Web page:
Once-Common Hysterectomy Technique Linked to Worse Uterine Cancer Outcomes
Every year, nearly 700,000 American women have surgery to remove their uterus (hysterectomy) or uterine fibroids (myomectomy). A laparoscopic surgical technique once commonly used in these procedures could be worsening the outcomes for women who have undiagnosed uterine cancer at the time of the procedure, Yale Cancer Center scientists report in the Journal of Clinical Oncology.
Yale Radiology and Psychiatry Researchers Join with Penn Medicine to Create a New Center to Study Opioid Use Disorders
Opioid use disorder has reached epidemic levels in the United States. Over the last two decades, opioid-related overdose deaths increased by more than 50 percent, with nearly 50,000 in 2018, according to the Centers for Disease Control and Prevention. Researchers from Yale School of Medicine (YSM) and Penn Medicine, which comprises the Perelman School of Medicine at the University of Pennsylvania, have created a new center that focuses on neuroimaging to improve our understanding of opioid use disorders and find new treatments.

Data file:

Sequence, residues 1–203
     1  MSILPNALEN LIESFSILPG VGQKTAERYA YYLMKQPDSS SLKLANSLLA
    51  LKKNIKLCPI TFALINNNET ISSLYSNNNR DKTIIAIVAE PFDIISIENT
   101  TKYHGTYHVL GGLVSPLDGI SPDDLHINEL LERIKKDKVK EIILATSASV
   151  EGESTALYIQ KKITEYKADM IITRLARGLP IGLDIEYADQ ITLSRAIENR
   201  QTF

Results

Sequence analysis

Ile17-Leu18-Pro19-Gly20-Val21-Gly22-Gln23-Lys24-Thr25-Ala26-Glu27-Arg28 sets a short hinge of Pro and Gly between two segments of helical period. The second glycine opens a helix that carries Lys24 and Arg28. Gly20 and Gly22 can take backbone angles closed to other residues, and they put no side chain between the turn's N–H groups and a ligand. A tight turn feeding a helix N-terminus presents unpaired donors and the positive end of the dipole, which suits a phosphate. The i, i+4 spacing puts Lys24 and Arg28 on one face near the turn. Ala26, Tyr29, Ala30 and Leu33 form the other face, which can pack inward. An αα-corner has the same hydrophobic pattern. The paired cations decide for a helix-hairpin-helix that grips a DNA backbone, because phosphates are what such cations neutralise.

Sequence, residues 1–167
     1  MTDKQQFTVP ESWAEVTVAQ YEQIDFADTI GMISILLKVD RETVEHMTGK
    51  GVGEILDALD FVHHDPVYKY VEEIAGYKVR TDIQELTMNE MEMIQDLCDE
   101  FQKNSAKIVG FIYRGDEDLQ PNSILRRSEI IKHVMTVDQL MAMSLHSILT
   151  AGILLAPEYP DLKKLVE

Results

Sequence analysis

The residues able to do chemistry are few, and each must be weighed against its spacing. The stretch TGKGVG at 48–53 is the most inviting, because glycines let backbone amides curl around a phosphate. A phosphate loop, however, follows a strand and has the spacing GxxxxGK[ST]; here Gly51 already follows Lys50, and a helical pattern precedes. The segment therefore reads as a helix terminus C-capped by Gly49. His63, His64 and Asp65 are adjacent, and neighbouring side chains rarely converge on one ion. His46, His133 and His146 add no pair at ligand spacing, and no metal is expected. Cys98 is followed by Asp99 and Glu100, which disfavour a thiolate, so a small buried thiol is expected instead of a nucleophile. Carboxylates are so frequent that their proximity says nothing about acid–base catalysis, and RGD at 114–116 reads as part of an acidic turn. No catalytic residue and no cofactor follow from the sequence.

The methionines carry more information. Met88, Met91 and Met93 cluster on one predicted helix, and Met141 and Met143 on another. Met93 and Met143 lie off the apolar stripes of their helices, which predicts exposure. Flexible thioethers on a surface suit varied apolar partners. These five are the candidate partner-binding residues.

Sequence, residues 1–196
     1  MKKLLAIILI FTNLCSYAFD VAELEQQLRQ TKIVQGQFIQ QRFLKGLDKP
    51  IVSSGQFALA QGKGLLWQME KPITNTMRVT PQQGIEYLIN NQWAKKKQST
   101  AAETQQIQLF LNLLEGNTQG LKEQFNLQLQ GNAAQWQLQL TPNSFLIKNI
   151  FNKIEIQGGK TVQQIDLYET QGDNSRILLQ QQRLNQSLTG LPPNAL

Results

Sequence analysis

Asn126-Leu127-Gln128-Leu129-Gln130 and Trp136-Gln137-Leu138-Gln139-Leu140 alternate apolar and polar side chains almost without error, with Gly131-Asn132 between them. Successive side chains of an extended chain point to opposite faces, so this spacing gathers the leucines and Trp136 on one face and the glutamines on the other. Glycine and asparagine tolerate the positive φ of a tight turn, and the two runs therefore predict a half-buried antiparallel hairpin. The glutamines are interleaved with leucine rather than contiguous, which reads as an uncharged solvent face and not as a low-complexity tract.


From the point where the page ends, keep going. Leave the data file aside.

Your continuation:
Yale Department of Neurology Receives Grant for Stroke Study
Yale’s Department of Neurology is one of seven medical institutions awarded $4 million from the National Institutes of Health to assess acute ischemic stroke treatments in rodent models. As a part of the Stroke Preclinical Assessment Network (SPAN), participating institutions will work together to increase the rigor surrounding testing for ischemic brain injury, taking a look at six neuroprotective therapies to improve outcomes after stroke.
Research on Mental Health in the Aftermath of Environmental Disasters Soaring
New research led by the Yale School of Public Health finds that the number of studies on how environmental disasters affect mental health has increased dramatically and that they consistently find strong associations with survivor’s mental health outcomes.
Undergraduate Students Spend Summer Learning About Environmental Health Sciences
Undergraduate students from as far away as China, Sweden and the United Arab Emirates spent part of their summer at the Yale School of Public Health this year learning about the latest challenges and research tools in the field of environmental health sciences (EHS).
Suicide is Preventable. So, How Can We Help Our Teens?
Suicide is preventable, but rates of suicide are increasing worldwide, and it is now the second leading cause of death in adolescents and young adults (unintentional motor vehicle accidents are first). Going to the emergency room may be the smartest thing these teenagers can do.